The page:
Myocardial infarction due to atherosclerosis of coronary arteries remains the leading cause of death in the United States. It has become clear that changes of cellular/systemic redox state, resulting in increases in inflammation (e.g., TNF) and reactive oxygen species (ROS), represent a common pathogenic mechanism for atherosclerosis. The vascular cell that primarily limits the inflammatory and atherosclerotic process is the endothelial cell (EC). ROS-induced reduction in NO bioavailability and increase of EC apoptosis results in a proatherogenic state. Increasing evidence supports that ROS generated from mitochondria in vasculature significantly contribute to EC dysfunction and atherosclerotic progression. Furthermore, recent data suggest that mitochondria normally produce the strongest reducing environment among all cellular organelles, and mitochondria are especially vulnerable to oxidation in response to stress stimuli including proinflammatory cytokines. A key system regulating mitochondria redox is mitochondria-specific thioredoxin (Trx2) system, consisting of Trx2, Trx2 reductase (TrxR2) and Trx2-depndent peroxidase (Prx3). Little is known for the role of mitochondrial Trx2 system in vasculature. Our data suggest that mitochondrial Trx2 may play critical roles in maintaining mitochondria reduced state, preventing ROS-induced EC dysfunction. Specifically, we have used both EC-specific transgenic and knockout mice, and demonstrated a critical role of Trx2 in regulating endothelium functions by increasing NO bioactivity. We also show that Trx2 inhibits the activity of proapoptotic protein kinase ASK1 through protein-protein interactions, protecting EC from TNF and ROS- induced apoptosis. We propose that Trx2 prevents ROS-induced EC dysfunction through two distinct and cooperative pathways: Trx2 maintains a reduced state of mitochondria in EC, reducing ROS generation leading and increasing NO bioactivity;Trx2 protects ROS-induced EC apoptosis by directly binding to ASK1. We further hypothesize that increased NO bioactivity and decreased apoptotic responses prevent EC dysfunction and atherosclerotic development. To explore these hypotheses, we propose the following specific aims: 1) Determine the mechanisms by which Trx2 preserves NO bioactivity and EC function. 2) Determine the mechanisms by which Trx2 inhibits mitochondrial ASK1-mediated apoptosis. 3) Determine the role of Trx2 in preventing EC dysfunction and atherosclerosis development/progression in a mouse model. This proposal uses both in vitro and in vivo models to determine the roles of Trx2 in protection against ROS- induced EC dysfunction and atherosclerosis development/progression. These studies, if successful, will facilitate the development of new therapeutic approaches to control atherosclerosis progression and myocardial infarction. Project Narrative: Myocardial infarction due to narrowing of arteries manifesting as decreased blood flow remains the leading cause of death in the United States. We will study the effects of a antioxidant protein thioredoxin, on vascular endothelium. Our work may lead to better tests and treatments for atherosclerosis patients.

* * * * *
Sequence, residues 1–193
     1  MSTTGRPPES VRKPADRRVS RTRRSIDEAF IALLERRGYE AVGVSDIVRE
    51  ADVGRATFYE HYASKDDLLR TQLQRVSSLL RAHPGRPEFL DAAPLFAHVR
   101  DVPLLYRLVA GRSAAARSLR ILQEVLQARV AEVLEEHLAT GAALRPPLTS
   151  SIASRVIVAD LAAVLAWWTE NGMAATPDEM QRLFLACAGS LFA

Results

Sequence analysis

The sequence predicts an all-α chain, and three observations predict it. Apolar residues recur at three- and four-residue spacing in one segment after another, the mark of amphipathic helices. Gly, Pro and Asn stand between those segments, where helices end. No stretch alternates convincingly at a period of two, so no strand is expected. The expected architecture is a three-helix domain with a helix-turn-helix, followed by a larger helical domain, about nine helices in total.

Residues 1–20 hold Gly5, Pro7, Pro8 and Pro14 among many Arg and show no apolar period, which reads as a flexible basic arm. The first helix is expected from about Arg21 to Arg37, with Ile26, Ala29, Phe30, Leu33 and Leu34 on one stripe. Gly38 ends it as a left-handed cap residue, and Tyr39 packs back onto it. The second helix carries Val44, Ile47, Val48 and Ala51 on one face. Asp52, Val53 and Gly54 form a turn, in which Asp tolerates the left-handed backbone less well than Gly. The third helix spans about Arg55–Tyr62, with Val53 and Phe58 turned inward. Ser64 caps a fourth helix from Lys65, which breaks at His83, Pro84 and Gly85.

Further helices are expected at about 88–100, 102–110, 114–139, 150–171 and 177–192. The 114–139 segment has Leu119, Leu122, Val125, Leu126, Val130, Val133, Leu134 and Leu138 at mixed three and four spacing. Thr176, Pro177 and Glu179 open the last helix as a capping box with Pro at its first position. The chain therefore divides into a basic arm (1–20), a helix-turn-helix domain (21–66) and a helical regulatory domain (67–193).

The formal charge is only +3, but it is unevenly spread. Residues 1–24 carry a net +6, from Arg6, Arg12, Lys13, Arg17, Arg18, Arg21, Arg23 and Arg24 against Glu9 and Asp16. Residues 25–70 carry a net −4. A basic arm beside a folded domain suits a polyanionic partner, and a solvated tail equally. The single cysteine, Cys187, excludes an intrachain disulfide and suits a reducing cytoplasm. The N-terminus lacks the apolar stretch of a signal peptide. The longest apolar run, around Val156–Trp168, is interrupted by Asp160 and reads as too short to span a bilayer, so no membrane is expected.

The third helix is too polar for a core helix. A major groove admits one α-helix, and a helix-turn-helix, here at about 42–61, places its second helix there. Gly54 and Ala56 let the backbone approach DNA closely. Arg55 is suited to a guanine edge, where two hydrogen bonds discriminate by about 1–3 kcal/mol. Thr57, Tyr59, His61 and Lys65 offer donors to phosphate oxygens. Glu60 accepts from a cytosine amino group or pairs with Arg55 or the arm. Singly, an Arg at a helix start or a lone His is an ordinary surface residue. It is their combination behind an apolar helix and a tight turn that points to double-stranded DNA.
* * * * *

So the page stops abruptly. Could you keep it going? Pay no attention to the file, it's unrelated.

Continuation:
National Institute of Health (NIH)
National Heart, Lung, and Blood Institute (NHLBI)
Research Project (R01)
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Special Emphasis Panel (ZRG1-CVS-B (02))
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Srinivas, Pothur R
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Yale University
Schools of Medicine
New Haven
United States
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